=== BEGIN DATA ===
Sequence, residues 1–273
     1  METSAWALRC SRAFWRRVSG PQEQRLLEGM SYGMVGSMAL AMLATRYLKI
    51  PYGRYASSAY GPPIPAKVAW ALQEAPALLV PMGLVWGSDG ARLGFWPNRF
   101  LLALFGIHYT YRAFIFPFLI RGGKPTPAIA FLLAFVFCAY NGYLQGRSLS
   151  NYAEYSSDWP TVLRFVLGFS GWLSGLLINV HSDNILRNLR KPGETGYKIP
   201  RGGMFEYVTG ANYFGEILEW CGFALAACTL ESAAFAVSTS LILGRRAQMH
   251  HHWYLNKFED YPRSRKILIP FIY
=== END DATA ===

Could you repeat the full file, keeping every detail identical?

Sequence, residues 1–273
     1  METSAWALRC SRAFWRRVSG PQEQRLLEGM SYGMVGSMAL AMLATRYLKI
    51  PYGRYASSAY GPPIPAKVAW ALQEAPALLV PMGLVWGSDG ARLGFWPNRF
   101  LLALFGIHYT YRAFIFPFLI RGGKPTPAIA FLLAFVFCAY NGYLQGRSLS
   151  NYAEYSSDWP TVLRFVLGFS GWLSGLLINV HSDNILRNLR KPGETGYKIP
   201  RGGMFEYVTG ANYFGEILEW CGFALAACTL ESAAFAVSTS LILGRRAQMH
   251  HHWYLNKFED YPRSRKILIP FIY